Blackboard skull – How to

Halloween is this friday!
I’ll be at an “all you can eat risotto” with friends, but this doesn’t mean I won’t leave something around the house!

So I decided to be super-lame and join two trends I’ve seen going around for quite a while now: skull glass bottles and blackboard paint anything.
Which is exactly what you’ll need:

– glass skull bottle
– blackboard paint
– brushes (possibly one sponge brush, but if you don’t have one you can also cut a piece of your dish sponge… clean, of course!)
– newspaper to protect your working surface
– chalks to have fun with (otherwise what’s the point of blackboard paint???)


I was actually looking for a transparent glass bottle (who knows, maybe next summer I’ll be wanting to make some limoncello and can you imagine how cool it would be to serve it from a skull???) but couldn’t find any.
I had to compromise with a home-decore glass bottle (aka by by liquor poured from a crystal skull), in a not so thrilling satin green.
But since it costed so little (like, a couple of euros, yay for very cheap stores!) I decided to get one anyway, trusting that sooner or later my creativity would wake up…
Some days after, the lighting struck: I can’t make this transparent so… black would be better… or if I could write on it, that would be even… eeeehy! Blackboard paint!

Since my bottle was satin the paint gripped on quite easily, if yours is smooth glass, or plastic or any material where paint doesn’t stick easily, you might want to consider using a primer.
Or, being very patient, doing three to four layers of paint, instead of two as instructed on the box of my paint (always follow the instructions of what you’re working with!).

I painted a first layer with a normal (synthetic) bristle brush, I squeezed the paint straight onto the brush and then tried to smooth it out as much as I could.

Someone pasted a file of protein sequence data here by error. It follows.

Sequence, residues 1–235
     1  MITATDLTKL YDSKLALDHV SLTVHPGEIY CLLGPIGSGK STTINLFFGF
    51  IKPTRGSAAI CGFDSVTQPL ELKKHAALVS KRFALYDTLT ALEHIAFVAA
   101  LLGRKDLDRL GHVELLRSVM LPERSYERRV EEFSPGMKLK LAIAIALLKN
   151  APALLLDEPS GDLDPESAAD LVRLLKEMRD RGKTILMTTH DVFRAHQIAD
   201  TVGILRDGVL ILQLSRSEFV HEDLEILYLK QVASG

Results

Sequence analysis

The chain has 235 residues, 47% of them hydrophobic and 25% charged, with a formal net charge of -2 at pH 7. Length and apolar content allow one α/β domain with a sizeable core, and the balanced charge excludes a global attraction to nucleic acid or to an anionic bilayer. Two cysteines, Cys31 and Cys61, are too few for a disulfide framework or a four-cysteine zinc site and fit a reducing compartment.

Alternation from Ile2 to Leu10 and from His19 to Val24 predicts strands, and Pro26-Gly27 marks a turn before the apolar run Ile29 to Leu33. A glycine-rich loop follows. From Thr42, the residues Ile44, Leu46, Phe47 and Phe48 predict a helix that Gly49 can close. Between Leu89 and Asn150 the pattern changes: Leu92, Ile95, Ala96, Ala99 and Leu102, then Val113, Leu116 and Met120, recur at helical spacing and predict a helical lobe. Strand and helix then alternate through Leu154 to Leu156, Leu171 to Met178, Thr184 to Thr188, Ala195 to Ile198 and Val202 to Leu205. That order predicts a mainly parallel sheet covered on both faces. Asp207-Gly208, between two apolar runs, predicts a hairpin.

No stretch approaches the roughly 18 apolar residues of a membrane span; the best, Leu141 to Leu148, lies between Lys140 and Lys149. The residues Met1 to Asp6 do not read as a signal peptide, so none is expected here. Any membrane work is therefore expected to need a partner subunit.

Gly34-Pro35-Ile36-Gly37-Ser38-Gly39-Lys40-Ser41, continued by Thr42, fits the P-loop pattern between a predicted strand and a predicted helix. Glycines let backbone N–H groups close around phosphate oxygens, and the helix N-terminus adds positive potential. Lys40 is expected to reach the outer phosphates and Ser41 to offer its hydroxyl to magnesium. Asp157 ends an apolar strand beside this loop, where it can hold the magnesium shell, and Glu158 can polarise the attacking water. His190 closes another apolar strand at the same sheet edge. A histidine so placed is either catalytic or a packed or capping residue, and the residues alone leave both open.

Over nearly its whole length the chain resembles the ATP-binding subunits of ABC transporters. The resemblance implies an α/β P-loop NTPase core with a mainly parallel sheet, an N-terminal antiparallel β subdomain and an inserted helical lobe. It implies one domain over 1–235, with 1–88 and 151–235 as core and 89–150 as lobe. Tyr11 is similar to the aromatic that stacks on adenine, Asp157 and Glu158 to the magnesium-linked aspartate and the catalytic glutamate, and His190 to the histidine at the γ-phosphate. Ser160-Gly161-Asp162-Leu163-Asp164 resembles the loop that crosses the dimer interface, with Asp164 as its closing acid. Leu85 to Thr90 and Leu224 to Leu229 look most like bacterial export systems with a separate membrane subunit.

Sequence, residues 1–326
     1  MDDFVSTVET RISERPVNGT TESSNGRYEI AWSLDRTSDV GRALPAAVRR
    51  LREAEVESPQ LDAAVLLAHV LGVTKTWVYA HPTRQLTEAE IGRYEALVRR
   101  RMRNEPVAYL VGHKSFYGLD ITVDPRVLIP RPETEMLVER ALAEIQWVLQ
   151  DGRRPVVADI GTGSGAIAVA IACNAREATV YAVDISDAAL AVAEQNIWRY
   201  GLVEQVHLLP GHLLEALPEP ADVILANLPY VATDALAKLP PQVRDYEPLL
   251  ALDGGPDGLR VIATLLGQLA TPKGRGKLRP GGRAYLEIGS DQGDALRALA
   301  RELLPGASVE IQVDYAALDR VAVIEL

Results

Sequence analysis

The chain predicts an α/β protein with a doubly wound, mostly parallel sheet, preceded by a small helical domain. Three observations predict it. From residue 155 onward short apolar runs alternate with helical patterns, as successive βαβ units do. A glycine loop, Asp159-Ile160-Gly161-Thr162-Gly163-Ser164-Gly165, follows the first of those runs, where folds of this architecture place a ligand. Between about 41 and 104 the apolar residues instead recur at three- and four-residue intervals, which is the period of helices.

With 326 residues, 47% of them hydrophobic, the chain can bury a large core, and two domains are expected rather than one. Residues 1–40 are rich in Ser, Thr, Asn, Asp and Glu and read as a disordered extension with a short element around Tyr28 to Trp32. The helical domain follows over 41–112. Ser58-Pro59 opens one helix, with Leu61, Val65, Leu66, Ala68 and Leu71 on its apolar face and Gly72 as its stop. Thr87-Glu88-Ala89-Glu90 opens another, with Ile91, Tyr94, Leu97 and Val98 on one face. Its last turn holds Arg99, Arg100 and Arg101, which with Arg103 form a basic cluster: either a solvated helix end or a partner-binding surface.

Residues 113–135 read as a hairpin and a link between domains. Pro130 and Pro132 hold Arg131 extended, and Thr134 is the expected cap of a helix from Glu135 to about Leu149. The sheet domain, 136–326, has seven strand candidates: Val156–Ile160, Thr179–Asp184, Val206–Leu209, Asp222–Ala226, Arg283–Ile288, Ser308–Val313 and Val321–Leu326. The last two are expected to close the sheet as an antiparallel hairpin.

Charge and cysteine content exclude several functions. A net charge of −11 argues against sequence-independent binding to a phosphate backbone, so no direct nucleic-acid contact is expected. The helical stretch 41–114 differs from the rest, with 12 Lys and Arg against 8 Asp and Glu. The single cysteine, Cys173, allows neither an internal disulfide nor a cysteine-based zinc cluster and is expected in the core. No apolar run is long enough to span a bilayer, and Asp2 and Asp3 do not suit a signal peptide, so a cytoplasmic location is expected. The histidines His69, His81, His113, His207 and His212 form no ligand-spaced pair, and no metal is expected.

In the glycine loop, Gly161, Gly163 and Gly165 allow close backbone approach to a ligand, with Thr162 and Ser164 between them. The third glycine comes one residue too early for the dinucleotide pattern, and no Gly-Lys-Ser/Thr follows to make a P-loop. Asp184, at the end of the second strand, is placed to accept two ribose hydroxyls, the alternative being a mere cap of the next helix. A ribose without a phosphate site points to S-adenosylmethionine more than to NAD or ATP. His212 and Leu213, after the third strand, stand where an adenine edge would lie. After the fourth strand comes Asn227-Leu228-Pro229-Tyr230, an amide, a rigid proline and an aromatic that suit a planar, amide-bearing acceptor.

I opted for a first layer witha bristle brush to be able to reach all the nooks and crannies (hellow cheekbone area): if there’s an area that’s hard to reach just jam those bristle in it, something somehow will reach all the points you need.
Then I used the sponge brush for the second coat so that the finish was streak-free.

So, one coat, with bristle brush, wait five hours (or how much your box tells you), then second coat. Then, the day after I patted on some more paint only on those points that weren’t covered really well.

And done!

You can use it as is, or draw arcane sigils on it (don’t worry, I haven’t summoned anything)


Or, if you celebrate “el dia de los muertos” (because you’re Mexican, because your grandpa was Mexican, because you want to gift this to a friend who celebrates it, or whatever) you can use coloured chalks and draw on it like it was some sort of sugar skull, put it together with the pictures and trinkets of your beloved ones (again, don’t worry, I wasn’t day drinking: it’s not a true offering of liquor, it’s just some tea, I needed something to take the picture!)


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4 thoughts on “Blackboard skull – How to

        1. Euforilla Post author

          Beh, “halloween” per come si intende adesso (con caramelle, costumi, zucche eccetera) è una cosa piuttosto nuova e reimportata dagli USA… E come al solito per me ogni scusa è buona per divertirsi un po’.
          Per il resto c’è pieno anche di post sulle “origini europee (e anche italiane, se cerchi) della festa di ognissanti-all hallows eve-halloween” 😉

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